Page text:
Sunday, February 26, 2006


The Rolling Bear Café served, Gordon was sure, the finest pancakes in California. Possibly, the best in all of North America. The entire western hemisphere, perhaps. It was this enthusiasm which led him more Saturdays than not to the popular café on the respective corners of Bonner Ave. and Pineyoak Street – even these past few weeks, even though it was this very place where Ginny and Rebecca had met. The younger of the two, Rebecca, had been waitressing at the café for a few days before Ginny showed up one afternoon for lunch. After that, Rebecca offered Ginny much more than was on the menu, and Ginny in turn tipped Rebecca straight from the heart of love. Rebecca ended up quitting her job at the café the same day that Ginny left him.

“Gordon Alan Pruitt, I had a feeling I’d be seeing you earlier than usual today!” Melinda Barbado, proprietor of The Rolling Bear for fourteen of its thirty-six year history, knew not only the habits but the full names of her regulars, as well as many of the less frequent locals and most of the out-of-towners and passers through in from the road for a quick bite. It was, as her kid sister Belinda said, a “psychic thing”.

Melinda served breakfast at The Rolling Bear between the hours of seven and eleven o’ clock a.m, (everyday except Sunday). Most Saturday mornings, Gordon was ordering his pancakes at just about 10:58. She’d been thinking about him and Ginny and Rebecca – but mostly about him for some reason - this morning when she woke up. As she’d already indicated, she had a feeling about him today.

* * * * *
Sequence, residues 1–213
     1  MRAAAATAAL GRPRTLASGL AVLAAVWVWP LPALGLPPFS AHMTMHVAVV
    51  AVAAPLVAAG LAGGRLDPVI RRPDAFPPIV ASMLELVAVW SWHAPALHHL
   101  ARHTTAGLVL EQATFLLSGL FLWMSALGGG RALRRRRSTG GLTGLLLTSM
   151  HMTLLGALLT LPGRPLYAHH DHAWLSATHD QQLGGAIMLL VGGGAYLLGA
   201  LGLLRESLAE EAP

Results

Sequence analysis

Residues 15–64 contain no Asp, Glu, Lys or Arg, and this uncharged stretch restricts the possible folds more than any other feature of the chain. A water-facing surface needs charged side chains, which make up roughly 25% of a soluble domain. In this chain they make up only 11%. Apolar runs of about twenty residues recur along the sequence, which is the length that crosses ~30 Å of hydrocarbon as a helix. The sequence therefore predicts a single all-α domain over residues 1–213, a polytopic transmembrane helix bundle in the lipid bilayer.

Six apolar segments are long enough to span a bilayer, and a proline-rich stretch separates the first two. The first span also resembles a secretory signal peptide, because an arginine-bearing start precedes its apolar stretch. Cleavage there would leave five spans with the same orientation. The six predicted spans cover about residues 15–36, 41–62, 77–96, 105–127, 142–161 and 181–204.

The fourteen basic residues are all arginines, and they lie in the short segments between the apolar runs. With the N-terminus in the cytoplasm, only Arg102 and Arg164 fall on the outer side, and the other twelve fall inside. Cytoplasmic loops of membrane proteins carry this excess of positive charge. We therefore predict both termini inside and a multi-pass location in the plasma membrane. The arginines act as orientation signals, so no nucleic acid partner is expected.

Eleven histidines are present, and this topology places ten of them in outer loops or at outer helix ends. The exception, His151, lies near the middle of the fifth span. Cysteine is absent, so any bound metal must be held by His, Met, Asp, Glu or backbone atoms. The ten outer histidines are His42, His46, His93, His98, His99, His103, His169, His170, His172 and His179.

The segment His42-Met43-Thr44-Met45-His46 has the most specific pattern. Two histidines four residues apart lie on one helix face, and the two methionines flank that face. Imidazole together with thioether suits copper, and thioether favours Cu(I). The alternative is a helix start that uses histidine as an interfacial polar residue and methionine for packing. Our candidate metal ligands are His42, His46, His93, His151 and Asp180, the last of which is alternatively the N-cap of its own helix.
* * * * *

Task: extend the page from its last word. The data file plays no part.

“Why am I not surprised?” said Gordon, smiling as the café door sighed shut behind him.

“Because you know me too well,” Melinda replied. “Or, at least, well enough.” She stepped from behind the counter and stretched her long limbs. “Now,” she continued at the tail end of a contagious yawn, “are you gonna’ surprise me with an order of something besides your usual this bright and early July morning?”

Catching her yawn and returning it through his lightly curled fist, Gordon shook his head. “Nah,” he said, making his way across the empty café to his accustomed place beside the jukebox (kept unplugged by Melinda, most days, until the lunch menu was circulating). “Just the same old lighter than air pancakes please, Mel. And a glass of milk?”

She smiled. “You got it.”

And so he did just a few minutes later. They were, as always, delicious. Better even than last week, perhaps, fluffier and richer in flavor – not necessarily an objective fact concerning any actual quality of the food itself, but a matter of personal experience on Gordon’s part and therefore, as he viewed it, a possible indication that the pall he had been living under since Ginny left him was thinning. Or, at least, that it was capable of thinning.

In any case, it was after Gordon finished his breakfast that things really got interesting.

- Richard Cody, 2006 -